Training for Search and Rescue Missions Using AR Technology

13th December 2023

For anyone facing a terrifying situation in a remote location, or victims of natural disasters trapped in a devastated urban landscape, three words mean more than anything else – Search And Rescue. SAR operatives are the bravest, most highly skilled and compassionate professionals who are often willing to put their own lives at risk to help others.

Every SAR situation is different, whether it’s a mountain avalanche, the aftermath of a tsunami or earthquake, or even a major terrorist attack. Search and Rescue training is an ongoing process, as teams incorporate new best practice methods as well as specialist equipment. As both the methodology and the equipment advance in complexity, Augmented Reality (AR) is starting to take a key role in SAR training.

In this article, we’ll look at the importance of SAR training, and how advanced training techniques are increasing the chances of mission success, even in the most challenging environments. We’ll also examine the ways that AR can help with SAR training and the types of scenarios where AR can be a highly effective SAR tool. We’ll also introduce you to FlySight’s AR solutions for SAR teams and trainers.

What is SAR training and why is it important?

Search and Rescue training enables teams to constantly update their skill sets when it comes to rescue operations on land, at sea, and in both urban and rural terrain. The ability to respond to fluid conditions quickly and accurately is essential. From the first call for assistance to getting SAR teams to the search area quickly, pinpointing key locations and refining the search area are all processes that have to be rehearsed. The purpose of SAR training is to streamline the process, reduce response times, and successfully locate and evacuate casualties.

SAR training includes a variety of skills such as basic life support training and CPR, and a certain level of medical training. Incident management is vital, especially in a changing environment where search and rescue parameters may be constantly shifting.

Navigation and traversing dangerous, unstable or hazardous terrain is important to prevent potential injuries to the SAR team members, as well as minimising any physical impact on recovered casualties. And finally, ground and air operations need to be coordinated by command centres utilising the most up-to-date information and constant location and situational updates from the SAR crews.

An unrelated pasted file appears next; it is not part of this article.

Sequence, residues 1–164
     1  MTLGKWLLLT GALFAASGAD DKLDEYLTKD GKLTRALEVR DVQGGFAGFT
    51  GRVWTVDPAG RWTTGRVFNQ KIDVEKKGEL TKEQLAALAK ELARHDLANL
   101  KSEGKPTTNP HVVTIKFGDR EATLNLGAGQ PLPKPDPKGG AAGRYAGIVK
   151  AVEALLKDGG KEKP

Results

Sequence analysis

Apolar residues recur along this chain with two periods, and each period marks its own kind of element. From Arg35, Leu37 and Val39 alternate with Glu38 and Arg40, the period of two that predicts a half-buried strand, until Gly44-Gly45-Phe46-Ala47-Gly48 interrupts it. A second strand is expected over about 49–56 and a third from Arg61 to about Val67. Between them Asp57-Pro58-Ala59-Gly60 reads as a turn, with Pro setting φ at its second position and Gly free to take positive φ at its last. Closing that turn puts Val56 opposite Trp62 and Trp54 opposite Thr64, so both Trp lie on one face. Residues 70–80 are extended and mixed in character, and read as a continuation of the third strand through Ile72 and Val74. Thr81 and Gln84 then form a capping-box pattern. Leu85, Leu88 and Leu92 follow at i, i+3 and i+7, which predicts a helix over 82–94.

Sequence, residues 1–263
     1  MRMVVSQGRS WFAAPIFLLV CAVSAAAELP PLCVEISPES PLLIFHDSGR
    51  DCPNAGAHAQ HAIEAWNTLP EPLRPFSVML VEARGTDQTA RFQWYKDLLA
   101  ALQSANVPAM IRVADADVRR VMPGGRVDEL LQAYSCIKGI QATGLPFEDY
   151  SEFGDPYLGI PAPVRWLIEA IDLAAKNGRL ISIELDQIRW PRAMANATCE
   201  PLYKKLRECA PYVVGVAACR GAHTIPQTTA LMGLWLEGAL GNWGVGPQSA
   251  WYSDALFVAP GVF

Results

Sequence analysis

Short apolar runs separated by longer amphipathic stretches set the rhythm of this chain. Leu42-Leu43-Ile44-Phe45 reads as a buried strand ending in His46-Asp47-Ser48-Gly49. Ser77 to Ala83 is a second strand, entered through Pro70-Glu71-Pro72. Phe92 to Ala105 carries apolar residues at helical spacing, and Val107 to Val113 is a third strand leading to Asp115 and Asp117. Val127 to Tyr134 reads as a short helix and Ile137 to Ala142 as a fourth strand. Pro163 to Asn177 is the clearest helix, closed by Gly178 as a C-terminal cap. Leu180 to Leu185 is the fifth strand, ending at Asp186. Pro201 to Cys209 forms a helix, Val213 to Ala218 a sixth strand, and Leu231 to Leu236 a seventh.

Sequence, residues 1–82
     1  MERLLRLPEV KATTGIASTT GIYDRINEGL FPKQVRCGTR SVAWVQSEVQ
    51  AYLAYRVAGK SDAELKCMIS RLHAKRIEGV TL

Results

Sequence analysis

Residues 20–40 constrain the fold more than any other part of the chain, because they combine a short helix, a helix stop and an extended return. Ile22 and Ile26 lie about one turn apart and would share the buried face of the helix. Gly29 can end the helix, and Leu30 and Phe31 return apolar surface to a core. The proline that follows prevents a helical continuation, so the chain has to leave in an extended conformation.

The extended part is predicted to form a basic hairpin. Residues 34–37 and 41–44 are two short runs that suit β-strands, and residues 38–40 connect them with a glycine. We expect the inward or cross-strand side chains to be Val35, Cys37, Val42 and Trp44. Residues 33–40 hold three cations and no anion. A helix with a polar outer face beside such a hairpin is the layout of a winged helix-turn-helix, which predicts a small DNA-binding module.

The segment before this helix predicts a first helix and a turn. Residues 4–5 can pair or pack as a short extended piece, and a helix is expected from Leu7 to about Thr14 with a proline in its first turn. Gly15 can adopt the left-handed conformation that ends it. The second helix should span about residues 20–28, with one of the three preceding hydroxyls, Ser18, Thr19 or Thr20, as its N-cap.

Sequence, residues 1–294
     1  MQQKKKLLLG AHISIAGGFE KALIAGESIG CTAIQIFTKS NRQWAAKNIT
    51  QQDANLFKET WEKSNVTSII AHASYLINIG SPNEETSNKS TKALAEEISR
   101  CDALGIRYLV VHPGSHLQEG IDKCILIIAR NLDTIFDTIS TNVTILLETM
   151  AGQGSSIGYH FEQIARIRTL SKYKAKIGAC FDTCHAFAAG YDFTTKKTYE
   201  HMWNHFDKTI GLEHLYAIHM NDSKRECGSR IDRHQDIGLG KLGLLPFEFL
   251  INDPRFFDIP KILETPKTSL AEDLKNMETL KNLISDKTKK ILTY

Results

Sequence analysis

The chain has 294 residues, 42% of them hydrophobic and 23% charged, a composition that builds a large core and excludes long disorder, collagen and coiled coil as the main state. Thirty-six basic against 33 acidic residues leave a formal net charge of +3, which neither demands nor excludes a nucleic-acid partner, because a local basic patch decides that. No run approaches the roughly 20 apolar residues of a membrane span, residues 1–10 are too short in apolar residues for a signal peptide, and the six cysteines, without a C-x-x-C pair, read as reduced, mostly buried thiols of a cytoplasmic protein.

All of this takes a great deal of practice to execute successfully, and in recent years new technology has helped to fine-tune Search and Rescue training on all levels. Incorporating the use of drones to working with Augmented Reality software to identify areas that may have undergone dramatic changes due to bombardment or natural disasters can all help to save lives. And that is the fundamental goal of all SAR missions.

Search and rescue in 2023 – How advanced training techniques are increasing mission success rates

While there is never any substitute for a highly-trained and compassionate SAR team, what has changed over the years has been the advanced training and methodologies that are used to improve mission success rates. In many cases, this involves training teams on the use of new equipment and software that can improve the chances of a successful outcome. At the top of the pile has been AR or Augmented Reality – a system that works in conjunction with both military and civilian SAR operations.

AR is a potential game-changer. The deployment of drones fitted with AR software can give command units greater access to real-time information, with the use of AR putting that information in context to improve and enhance the operation parameters. For example, if several buildings have been destroyed or toppled in an earthquake, a fly-over with multi-spectral cameras overlayed with AR mapping can tell operators where the original position of each building was, and how many potential casualties there may be through the additional street-plan information offered by AR.